I think what they're trying to capture is mostly necessity and sufficiency. This line from the OP is particularly suggestive:
You can quickly check your models by looking for 0s. What happens when any given factor is set to 0 or to arbitrarily large? Does the result make sense?
For these sorts of qualitative formulas, limiting behavior (e.g. "what happens when any given factor is set to 0 or to arbitrarily large) is usually the only content of the formula in which we put any faith. And for simple formulas like (var1*var2) or (var1 + var2), that limiting behavior mostly reduces to necessity and sufficiency - e.g. the expression quality_of_connections*(# people)/(# connections) says that both nonzero quality and nonzero person-count are necessary conditions in order to get any benefit at all.
(In some cases big-O behavior implied by these formulas may also be substantive and would capture more than just necessity and sufficiency, although I expect that people who haven't explicitly practiced thinking with big-O behavior usually won't do so instinctively.)
Third, use of examples. I'd recommend pushing example-generation earlier in the process. Ideally, brainstorming of examples for a reference class comes before brainstorming of models. I recommend a minimum of three examples, as qualitatively different from each other as possible, in order to really hone in on the exact concept/phenomenon which you're trying to capture. This will make it much easier to see exactly what the models need to explain, will help avoid sticking on one imperfect initial model, and will make everything a lot easier to explain to both yourself and others.
Strong upvote. This is a great example taking several things we have long discussed and transforming them into being actionable. This also strikes close to the things I have thought were the most under-valued in LessWrong conversation.
I attempted a poor man's ur-version of this years ago when trying to project how long it would take to deliver a product to market, when I lacked information about the primary reference class of similar products (they don't hand project management details over to students; who knew?). All I really did at that time was identify three different reference classes and then averaged together one or two of each, and called that my timeline estimate.
Curated. This seems like a good rationalist skill that (I suspect) feeds into other skills. I'm glad to have a clear writeup of it.
I... haven't actually used this technique verbatim through to completion. I've made a few attempts to practice and learn it on my own, but usually struggled a bit to reach conclusions that felt right.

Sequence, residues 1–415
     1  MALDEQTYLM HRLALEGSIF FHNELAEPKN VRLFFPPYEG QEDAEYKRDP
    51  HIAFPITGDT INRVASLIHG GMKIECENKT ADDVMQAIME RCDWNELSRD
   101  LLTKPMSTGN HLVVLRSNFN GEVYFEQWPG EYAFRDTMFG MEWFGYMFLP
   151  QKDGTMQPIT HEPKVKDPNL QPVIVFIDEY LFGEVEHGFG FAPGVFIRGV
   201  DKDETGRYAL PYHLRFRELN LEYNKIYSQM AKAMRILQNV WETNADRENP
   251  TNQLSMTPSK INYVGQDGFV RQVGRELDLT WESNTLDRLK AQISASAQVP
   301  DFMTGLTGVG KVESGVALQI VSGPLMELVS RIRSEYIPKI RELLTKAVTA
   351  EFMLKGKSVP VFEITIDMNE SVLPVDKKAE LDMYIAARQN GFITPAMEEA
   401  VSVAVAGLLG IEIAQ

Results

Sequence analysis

I have some sense that this skill is important, and it'd be worthwhile for me to go to a workshop similar to the one where Habryka and Eli first put this together. This feels like it should be an important post, and I'm not sure if my struggle to realize it's value personally is more due to "it's not as valuable as I thought" or "you actually have to do a fair bit of homework for it to start paying off."
When I've tried applying this post, it's usually been in a situation where I have something that feels tricky/fuzzy to evaluate. I've seen habryka use fermi modeling in domains like "how many people will get covid?", but usually when I find myself reaching for this post it's when I have a question more like "how many dollars should I/donors be willing to pay for the LessWrong Review, as an institution, vs other projects the LessWrong team could do?"
I've never sat and practiced generating 50 fermi calculations in a domain where the answer was easy to verify.
Eli mentions "he'd write this post pretty differently today" in the OP. I'm not sure the problem here is lack-of-rewrite, vs "building a webapp that presents you with a bunch of fermi-modeling problems you can quickly train against."
The most conceptually interesting part here is the "generate multiple reference frames, and multiple models per reference frame, and start with something not the best model so you don't get immediately attached." That seems like something that should clearly be cognitively useful, but I haven't made it work for me.
I think this is an important skill and I'm glad it's written up at all. I would love to see the newer version Eli describes even more though.
A recently released paper that seems kind of relevant: https://www.researchgate.net/publication/337275911_Taking_a_disagreeing_perspective_improves_the_accuracy_of_people%27s_quantitative_estimates
Looks like the Internal Family Systems and multi-agent mind people are about to get a boost in accuracy!
Then, in step 2 (blue), you move down a level of abstraction to generate models applicable to each reference class (with no regard for the original question.) Then in step 3 (green), you apply the models generated in step 2 and 3 to the original question.
Then, in step 2 (blue), you move down a level of abstraction to generate models applicable to each reference class (with no regard for the original question.)
Then in step 3 (green), you apply the models generated in step 2 and 3 to the original question.
I think the colors are backwards here? (But some combination of flux and california being on fire might be fucking with my perception and I am less confident than usual)
Yep, seems right. Will fix.